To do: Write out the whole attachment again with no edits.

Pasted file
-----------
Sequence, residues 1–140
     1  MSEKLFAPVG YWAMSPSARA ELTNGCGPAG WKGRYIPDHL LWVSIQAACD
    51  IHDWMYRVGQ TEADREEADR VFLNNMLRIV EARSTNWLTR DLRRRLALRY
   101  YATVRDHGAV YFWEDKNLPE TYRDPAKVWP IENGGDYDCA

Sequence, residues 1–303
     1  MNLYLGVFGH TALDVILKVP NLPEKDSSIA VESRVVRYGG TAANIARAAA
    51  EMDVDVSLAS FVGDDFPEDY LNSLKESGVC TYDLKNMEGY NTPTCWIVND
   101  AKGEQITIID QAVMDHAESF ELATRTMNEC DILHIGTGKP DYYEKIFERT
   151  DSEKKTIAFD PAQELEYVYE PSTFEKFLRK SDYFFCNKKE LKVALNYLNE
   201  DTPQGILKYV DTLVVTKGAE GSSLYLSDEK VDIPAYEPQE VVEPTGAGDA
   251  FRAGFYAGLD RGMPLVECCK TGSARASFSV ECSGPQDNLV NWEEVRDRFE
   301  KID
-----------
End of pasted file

Sequence, residues 1–140
     1  MSEKLFAPVG YWAMSPSARA ELTNGCGPAG WKGRYIPDHL LWVSIQAACD
    51  IHDWMYRVGQ TEADREEADR VFLNNMLRIV EARSTNWLTR DLRRRLALRY
   101  YATVRDHGAV YFWEDKNLPE TYRDPAKVWP IENGGDYDCA

Sequence, residues 1–303
     1  MNLYLGVFGH TALDVILKVP NLPEKDSSIA VESRVVRYGG TAANIARAAA
    51  EMDVDVSLAS FVGDDFPEDY LNSLKESGVC TYDLKNMEGY NTPTCWIVND
   101  AKGEQITIID QAVMDHAESF ELATRTMNEC DILHIGTGKP DYYEKIFERT
   151  DSEKKTIAFD PAQELEYVYE PSTFEKFLRK SDYFFCNKKE LKVALNYLNE
   201  DTPQGILKYV DTLVVTKGAE GSSLYLSDEK VDIPAYEPQE VVEPTGAGDA
   251  FRAGFYAGLD RGMPLVECCK TGSARASFSV ECSGPQDNLV NWEEVRDRFE
   301  KID